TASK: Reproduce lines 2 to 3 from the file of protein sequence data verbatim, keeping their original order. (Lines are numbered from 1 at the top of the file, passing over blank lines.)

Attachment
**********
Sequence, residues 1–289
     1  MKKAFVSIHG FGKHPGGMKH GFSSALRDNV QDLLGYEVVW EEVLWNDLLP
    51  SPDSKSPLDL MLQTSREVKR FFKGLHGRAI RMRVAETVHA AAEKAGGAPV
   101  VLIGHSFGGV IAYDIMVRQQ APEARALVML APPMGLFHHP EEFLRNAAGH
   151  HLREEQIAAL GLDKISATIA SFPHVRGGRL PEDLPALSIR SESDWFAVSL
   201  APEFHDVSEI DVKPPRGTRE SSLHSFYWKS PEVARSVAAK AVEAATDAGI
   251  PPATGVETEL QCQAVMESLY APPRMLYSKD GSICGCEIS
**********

     1  MKKAFVSIHG FGKHPGGMKH GFSSALRDNV QDLLGYEVVW EEVLWNDLLP
    51  SPDSKSPLDL MLQTSREVKR FFKGLHGRAI RMRVAETVHA AAEKAGGAPV